Italian Lakes with 1 year old and elderly(ish!) parents?

(11 Posts)
Nunkie Sun 13-Mar-16 13:04:43

Hi Folks,

I'm looking for some recommendations re a villa holiday on or near one of the Italian lakes with the family. There are 7 of us, me, DP, his parents and my parents.. and our little girl, who will be about 14 months if we manage to go in May, as planned.

I must say that Maggiore and Orta look nice and possibly more tranquil, but they all do, so we are open to hints in that score. We love walking, wandering about aimlessly and eating. And we also love historic buildings and epic scenery! Any lake that will fulfill that gets our vote. (Tho they all seem pretty good there from what I have read!).

Predictably, the problem we are butting up against is finding enough double bedrooms, ensuite bathrooms and non-rickety stairs for our parents, who are in pretty good shape, but still averaging 70 years old! :0)

The only solution I am finding so far is hiring a villa that is bigger than we need which isn't financially ideal.

So I'd be interested to hear of any advice/recommendations from anyone who has had similar holiday requirements, along with any wisdom you have on the baby side of things, esp: re taking a pray versus sling or otherwise :0)

Cheers in advance!

notquitehuman Mon 14-Mar-16 19:46:20

We are looking at Italian lakes this year too. Not been before, so no specific advice, but we are going to stay in caravans at Eurocamp. Would getting two caravans next to each other work? They seem nice and modern with air con, and your parents could enjoy their own bathroom.

I think they also do stroller and cot hire in some camps, and seem to be pretty well set up for younger kids.

If you don't fancy a caravan then Airbnb seems to have loads of houses in the lake regions. Depends on your budget.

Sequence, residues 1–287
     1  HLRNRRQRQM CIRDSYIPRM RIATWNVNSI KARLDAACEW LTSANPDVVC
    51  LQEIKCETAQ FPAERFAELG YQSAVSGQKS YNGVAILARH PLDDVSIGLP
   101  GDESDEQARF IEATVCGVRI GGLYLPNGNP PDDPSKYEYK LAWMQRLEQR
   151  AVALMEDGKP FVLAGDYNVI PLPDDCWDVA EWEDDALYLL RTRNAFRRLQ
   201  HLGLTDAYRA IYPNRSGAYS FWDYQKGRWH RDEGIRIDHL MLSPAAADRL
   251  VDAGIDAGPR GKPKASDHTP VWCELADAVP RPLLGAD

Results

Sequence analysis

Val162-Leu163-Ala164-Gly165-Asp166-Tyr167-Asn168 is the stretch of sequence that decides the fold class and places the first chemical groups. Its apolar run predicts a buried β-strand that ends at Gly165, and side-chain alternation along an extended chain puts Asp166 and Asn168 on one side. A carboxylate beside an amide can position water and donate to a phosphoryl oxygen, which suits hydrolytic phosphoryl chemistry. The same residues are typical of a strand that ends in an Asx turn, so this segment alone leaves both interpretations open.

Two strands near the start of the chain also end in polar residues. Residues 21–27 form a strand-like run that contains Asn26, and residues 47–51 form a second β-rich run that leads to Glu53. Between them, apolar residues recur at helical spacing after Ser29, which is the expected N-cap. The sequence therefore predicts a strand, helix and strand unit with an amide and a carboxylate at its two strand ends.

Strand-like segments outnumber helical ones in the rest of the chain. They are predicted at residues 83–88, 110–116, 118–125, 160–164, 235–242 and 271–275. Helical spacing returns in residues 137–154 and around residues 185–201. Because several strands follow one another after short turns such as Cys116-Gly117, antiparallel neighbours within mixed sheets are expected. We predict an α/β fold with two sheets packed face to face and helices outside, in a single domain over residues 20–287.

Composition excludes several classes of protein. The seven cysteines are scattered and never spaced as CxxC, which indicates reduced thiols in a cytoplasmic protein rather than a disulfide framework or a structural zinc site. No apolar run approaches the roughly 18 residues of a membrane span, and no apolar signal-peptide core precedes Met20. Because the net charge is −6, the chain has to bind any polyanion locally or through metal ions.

Nunkie Tue 15-Mar-16 23:08:14

Thanks Notquitehuman - good suggestions. Air BnB is getting a thorough scouring from us - had a couple of folk say they rented thru Owners Direct too.

I had thought about campsites yes, tho I think we fancy something a bit less buzzing and modern if poss. Tho you're right that it certainly answers the mod cons concern, and maybe we can't expect to have both! :0)

We hadn't really set a budget. I suppose that would help us decide for a start!!

Which lake are you off to? :0)

(Off the subject of accommodation, the other useful piece of advice I do keep getting from folk who have been there is: watch out for mozzies, so we'd better be stocking up on spray and nets!)

Marmitelover55 Tue 15-Mar-16 23:14:16

We stayed in a eurocamp parc in a tent a few years ago. The first two days were fab and then it rained continually for the rest of the week - we literally had a river flowing through the tent sad. I guess the lakes are there for a reason. This was mid- August, so maybe less wet at other times of the year?

Marmitelover55 Tue 15-Mar-16 23:14:42

Oops - sorry meant to say by lake Garda.

notquitehuman Wed 16-Mar-16 15:55:32

We are off to Lake Como. I really like Switzerland, so I wanted to be close to the border. Planning to do lots of hiking and relaxing at the lidos.